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Re: 2021 state of the horse race: ITER vs. dark horses

Post by mvanwink5 »

" I am not sure what "announced a demonstration power plant" means in your book. Is it full scale? "

You are not understanding the difference between science and engineering. When a company makes a demonstration plant they are gathering engineering data. TAE and GF are investing in devices to get the necessary engineering data. No one has a need to prove anything to you or me, only to their investors and users who will buy machines.

There are loose ends to both TAE and GF. TAE wants to fuse boron and hydrogen, it would seem they need more data to prove that. GF needs more modeling for their compression of their molten lithium sphere, but that is apparently not an if but a matter of tuning.

You are stuck in the thinking that these companies are still trying to prove their science.

From an engineering view, getting power out is as important as fusion, but you make this point yourself. Perhaps Helion is also gathering the necessary engineering data for commercial already. Fine. The more the better.

I will try to make one more try at stating the key part of building a machine in today's reality, the purpose is to get data to validate computer sim code for their computer modeling. In the old days, these models and computer power required building full scale machines to get the engineering data. Not any more... Park with EMC2 made this clear years ago and advancements from there are not slow.

Keep up, stop looking in the rear view mirror.
Near term, cheap, dark horse fusion hits the air waves, GF - TED, LM - Announcement. The race is on.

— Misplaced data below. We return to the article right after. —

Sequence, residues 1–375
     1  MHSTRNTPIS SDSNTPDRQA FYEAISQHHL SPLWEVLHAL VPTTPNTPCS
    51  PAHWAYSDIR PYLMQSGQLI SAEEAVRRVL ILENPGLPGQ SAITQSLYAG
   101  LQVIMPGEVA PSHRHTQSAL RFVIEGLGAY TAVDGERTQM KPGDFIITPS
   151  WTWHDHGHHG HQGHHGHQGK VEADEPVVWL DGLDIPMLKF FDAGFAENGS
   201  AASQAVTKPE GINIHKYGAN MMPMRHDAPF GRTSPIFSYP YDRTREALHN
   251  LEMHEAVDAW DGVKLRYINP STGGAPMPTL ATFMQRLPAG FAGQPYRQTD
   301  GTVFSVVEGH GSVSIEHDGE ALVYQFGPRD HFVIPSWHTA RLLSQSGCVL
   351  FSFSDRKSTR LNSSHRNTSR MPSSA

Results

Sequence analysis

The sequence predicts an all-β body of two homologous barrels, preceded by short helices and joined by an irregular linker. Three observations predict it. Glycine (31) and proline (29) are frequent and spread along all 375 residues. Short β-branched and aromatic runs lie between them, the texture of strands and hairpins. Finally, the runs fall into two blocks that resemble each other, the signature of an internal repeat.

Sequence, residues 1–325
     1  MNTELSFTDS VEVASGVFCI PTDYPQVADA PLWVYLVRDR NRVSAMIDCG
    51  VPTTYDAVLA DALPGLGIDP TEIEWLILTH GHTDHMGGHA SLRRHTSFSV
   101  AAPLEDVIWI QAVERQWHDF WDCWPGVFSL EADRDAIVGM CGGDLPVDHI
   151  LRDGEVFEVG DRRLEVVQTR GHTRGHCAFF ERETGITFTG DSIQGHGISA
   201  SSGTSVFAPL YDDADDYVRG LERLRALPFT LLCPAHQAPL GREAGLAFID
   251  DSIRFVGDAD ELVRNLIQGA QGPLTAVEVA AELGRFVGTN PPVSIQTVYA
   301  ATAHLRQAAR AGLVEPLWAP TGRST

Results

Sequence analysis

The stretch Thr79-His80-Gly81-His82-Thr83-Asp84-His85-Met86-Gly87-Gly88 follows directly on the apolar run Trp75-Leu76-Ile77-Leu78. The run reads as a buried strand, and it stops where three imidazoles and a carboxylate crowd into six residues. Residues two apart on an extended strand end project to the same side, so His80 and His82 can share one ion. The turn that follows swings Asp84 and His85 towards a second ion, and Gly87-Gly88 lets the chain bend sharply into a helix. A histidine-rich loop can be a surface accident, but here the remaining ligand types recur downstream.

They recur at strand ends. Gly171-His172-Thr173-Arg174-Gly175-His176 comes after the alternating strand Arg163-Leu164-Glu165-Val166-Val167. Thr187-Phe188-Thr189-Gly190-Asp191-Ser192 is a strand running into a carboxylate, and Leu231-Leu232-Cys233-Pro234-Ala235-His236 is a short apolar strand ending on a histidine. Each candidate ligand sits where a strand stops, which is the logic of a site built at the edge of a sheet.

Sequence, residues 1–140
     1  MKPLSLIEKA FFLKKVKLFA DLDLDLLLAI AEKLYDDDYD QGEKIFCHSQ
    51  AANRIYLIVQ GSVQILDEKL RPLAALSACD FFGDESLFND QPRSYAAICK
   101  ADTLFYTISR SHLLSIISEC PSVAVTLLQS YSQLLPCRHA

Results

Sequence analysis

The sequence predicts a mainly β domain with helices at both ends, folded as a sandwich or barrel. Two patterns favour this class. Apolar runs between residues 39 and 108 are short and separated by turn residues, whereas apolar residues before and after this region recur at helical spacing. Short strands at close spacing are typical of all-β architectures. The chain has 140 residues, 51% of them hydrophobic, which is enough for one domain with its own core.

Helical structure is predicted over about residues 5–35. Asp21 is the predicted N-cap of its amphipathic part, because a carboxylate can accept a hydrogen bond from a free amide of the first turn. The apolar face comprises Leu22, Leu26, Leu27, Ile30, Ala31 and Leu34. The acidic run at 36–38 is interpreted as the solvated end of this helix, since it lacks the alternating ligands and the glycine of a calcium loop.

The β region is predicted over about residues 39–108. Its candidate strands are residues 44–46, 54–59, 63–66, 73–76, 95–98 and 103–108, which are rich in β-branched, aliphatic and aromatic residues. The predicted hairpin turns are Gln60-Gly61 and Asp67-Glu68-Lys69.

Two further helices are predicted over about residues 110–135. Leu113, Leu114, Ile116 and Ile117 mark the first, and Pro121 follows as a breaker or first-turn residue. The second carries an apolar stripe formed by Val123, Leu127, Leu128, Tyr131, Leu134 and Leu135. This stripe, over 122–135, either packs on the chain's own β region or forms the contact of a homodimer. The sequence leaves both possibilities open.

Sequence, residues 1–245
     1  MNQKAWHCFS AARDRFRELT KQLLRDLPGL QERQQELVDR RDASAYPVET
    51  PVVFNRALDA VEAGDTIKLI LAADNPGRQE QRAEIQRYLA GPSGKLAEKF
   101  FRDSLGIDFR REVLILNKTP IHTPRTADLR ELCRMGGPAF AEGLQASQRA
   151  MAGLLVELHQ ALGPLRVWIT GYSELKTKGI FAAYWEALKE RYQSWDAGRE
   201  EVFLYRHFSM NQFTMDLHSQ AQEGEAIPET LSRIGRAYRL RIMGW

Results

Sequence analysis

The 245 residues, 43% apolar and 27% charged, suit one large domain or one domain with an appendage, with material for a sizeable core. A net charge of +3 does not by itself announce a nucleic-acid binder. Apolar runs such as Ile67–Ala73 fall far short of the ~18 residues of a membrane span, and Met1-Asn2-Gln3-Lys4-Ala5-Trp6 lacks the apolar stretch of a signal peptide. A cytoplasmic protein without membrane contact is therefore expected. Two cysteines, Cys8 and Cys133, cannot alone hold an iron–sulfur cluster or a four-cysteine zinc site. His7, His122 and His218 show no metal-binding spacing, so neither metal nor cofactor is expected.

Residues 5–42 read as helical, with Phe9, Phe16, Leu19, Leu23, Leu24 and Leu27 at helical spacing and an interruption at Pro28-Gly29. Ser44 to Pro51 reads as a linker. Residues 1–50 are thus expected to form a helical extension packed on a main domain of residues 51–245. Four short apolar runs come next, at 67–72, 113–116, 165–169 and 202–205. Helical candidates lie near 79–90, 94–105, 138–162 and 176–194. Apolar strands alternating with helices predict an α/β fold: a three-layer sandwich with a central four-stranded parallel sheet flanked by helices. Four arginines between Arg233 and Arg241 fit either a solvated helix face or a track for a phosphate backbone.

Skipjack
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Re: 2021 state of the horse race: ITER vs. dark horses

Post by Skipjack »

mvanwink5 wrote:
Tue Mar 23, 2021 3:21 pm
" I am not sure what "announced a demonstration power plant" means in your book. Is it full scale? "

You are not understanding the difference between science and engineering. When a company makes a demonstration plant they are gathering engineering data. TAE and GF are investing in devices to get the necessary engineering data. No one has a need to prove anything to you or me, only to their investors and users who will buy machines.

There are loose ends to both TAE and GF. TAE wants to fuse boron and hydrogen, it would seem they need more data to prove that. GF needs more modeling for their compression of their molten lithium sphere, but that is apparently not an if but a matter of tuning.

You are stuck in the thinking that these companies are still trying to prove their science.

From an engineering view, getting power out is as important as fusion, but you make this point yourself. Perhaps Helion is also gathering the necessary engineering data for commercial already. Fine. The more the better.

I will try to make one more try at stating the key part of building a machine in today's reality, the purpose is to get data to validate computer sim code for their computer modeling. In the old days, these models and computer power required building full scale machines to get the engineering data. Not any more... Park with EMC2 made this clear years ago and advancements from there are not slow.

Keep up, stop looking in the rear view mirror.
Oh I agree that engineering is important. I very much do. Helion took a very much engineering centric approach. They assumed from their simulations that the could solve the physics and centered their design around engineering problems that plague other reactor designs (like materials and power conversion). Heck Helion has probably built more prototypes than anyone else ( I believe they are now at 5 or 6?). They ran them with Deuterium (at least most of them if not all) and got neutrons as measurable results.
As for simulations. I own a software company. I do all sorts of stuff, including simulations and AI. AI is great and I believe it will help greatly with optimizing reactor designs. Already is for some. Simulations are great, if the data they are based on is correct. If you feed them with the wrong assumptions, the result will also be wrong.